I don’t consider a criminal who gets caught a high percentage of the time and goes to prison a “successful” career. But for some reason that I am unable to fathom, Patrick considers himself a success. I guess if I could have a bumper sticker it would say, “My son is an honor student in the Texas Department of Criminal Justice.”

When we expect someone else to change to meet our desires, when we expect them to quit doing what they are doing that hurts us, themselves or others, our expectations are what cause us pain. We must learn to quit expecting things to happen that are not going to happen. It doesn’t matter if it is winning a lotto drawing against all odds, or if it is that the person we love will “see the light” and quit behaving in a dysfunctional manner. We must accept reality, and expect what is likely to happen.

I used to have a sign in my office; I wish I still had it. It said, “I feel so much better since I gave up hope.” I didn’t know at the time just how right that sign was.

Since I gave up hope that my son would change, I no longer have unmet expectations. I no longer hold on to that malignant, cancerous hope that ate at my every thought during every waking hour. I accept the fact that he is not going to change.

I may buy another lotto ticket some time, but I won’t expect to win. If I lose, I will not be crushed by the losing because I am going to keep my expectations real.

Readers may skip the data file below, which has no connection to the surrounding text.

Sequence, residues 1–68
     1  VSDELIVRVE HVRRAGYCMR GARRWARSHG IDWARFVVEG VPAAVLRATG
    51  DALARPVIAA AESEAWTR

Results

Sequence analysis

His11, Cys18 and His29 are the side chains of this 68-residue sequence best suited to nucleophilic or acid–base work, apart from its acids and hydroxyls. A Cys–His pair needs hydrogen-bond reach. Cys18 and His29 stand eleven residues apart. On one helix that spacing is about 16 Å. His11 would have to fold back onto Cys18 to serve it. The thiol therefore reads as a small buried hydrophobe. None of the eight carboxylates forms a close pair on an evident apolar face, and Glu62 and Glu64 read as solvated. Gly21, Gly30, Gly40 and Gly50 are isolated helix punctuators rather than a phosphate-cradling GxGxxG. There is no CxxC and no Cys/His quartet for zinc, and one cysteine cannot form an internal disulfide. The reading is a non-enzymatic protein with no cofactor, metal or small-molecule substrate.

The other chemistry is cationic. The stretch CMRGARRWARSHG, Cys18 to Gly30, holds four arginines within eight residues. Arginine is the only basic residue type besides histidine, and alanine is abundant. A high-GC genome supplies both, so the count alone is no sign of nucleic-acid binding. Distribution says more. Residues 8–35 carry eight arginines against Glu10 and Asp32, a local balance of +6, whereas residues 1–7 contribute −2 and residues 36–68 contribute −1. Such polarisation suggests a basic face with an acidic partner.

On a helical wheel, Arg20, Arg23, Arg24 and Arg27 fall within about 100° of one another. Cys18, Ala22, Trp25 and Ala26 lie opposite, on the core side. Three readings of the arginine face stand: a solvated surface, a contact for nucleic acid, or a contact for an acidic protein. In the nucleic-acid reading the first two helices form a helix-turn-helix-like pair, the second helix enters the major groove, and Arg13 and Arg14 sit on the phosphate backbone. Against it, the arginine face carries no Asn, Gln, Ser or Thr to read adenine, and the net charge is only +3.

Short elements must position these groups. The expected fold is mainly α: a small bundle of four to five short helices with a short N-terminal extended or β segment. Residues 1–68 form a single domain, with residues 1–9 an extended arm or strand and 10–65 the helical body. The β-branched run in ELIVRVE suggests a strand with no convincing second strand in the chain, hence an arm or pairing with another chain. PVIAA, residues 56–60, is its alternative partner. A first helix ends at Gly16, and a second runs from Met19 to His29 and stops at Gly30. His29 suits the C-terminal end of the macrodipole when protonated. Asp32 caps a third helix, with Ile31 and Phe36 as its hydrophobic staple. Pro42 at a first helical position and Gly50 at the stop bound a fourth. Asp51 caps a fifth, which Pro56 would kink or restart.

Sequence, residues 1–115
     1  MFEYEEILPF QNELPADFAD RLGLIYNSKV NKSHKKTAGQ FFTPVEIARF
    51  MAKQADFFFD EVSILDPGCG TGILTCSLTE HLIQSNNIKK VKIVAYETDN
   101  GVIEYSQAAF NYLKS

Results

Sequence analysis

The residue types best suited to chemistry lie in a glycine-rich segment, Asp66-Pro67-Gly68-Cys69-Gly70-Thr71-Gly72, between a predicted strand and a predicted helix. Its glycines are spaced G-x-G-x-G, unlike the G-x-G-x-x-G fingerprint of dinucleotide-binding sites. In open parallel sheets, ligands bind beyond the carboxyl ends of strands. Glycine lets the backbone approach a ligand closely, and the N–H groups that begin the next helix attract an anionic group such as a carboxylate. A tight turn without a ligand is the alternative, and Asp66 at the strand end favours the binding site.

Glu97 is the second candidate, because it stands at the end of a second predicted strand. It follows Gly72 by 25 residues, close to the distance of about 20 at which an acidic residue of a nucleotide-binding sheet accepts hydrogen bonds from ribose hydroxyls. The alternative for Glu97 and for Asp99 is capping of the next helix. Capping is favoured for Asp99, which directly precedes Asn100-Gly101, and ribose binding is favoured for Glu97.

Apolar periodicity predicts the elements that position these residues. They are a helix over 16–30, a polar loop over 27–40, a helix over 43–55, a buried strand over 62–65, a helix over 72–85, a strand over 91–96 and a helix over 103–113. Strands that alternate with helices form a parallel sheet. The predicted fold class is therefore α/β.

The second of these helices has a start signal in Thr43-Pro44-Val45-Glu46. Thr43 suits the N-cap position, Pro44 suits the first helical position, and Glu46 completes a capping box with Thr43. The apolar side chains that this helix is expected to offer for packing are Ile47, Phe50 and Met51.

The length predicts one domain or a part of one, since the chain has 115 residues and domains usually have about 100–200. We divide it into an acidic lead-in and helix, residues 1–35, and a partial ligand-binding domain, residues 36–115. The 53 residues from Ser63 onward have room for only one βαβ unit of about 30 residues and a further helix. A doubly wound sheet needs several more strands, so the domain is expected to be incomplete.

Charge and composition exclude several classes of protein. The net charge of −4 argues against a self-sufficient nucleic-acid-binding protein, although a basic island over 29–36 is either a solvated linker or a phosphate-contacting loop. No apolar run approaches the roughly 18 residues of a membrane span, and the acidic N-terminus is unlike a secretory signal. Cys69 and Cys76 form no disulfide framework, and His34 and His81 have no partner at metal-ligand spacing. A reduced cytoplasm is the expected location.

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Louise

kim:

So many women are afraid to do what you did…leave and go out on your own and make it. You are one of the bravest women I know! Truly! So hold your head up. It will be a better day tomorrow. HUGS.

Truthspeak

To clarify about “Never, again,” I would like to say that I’m going to work hard at never being an easy target, again.

I’ve read many, many stories by seasoned and well-recovered LoveFraud readers and contributing authors of their continued brushes with spathy. Just because I’m working towards recovery will not make me immune to future contact with spaths. So, I’m working hard on developing a Zero Tolerance for bad behaviors, whether they’re spath, or not.

Brightest blessings

spoon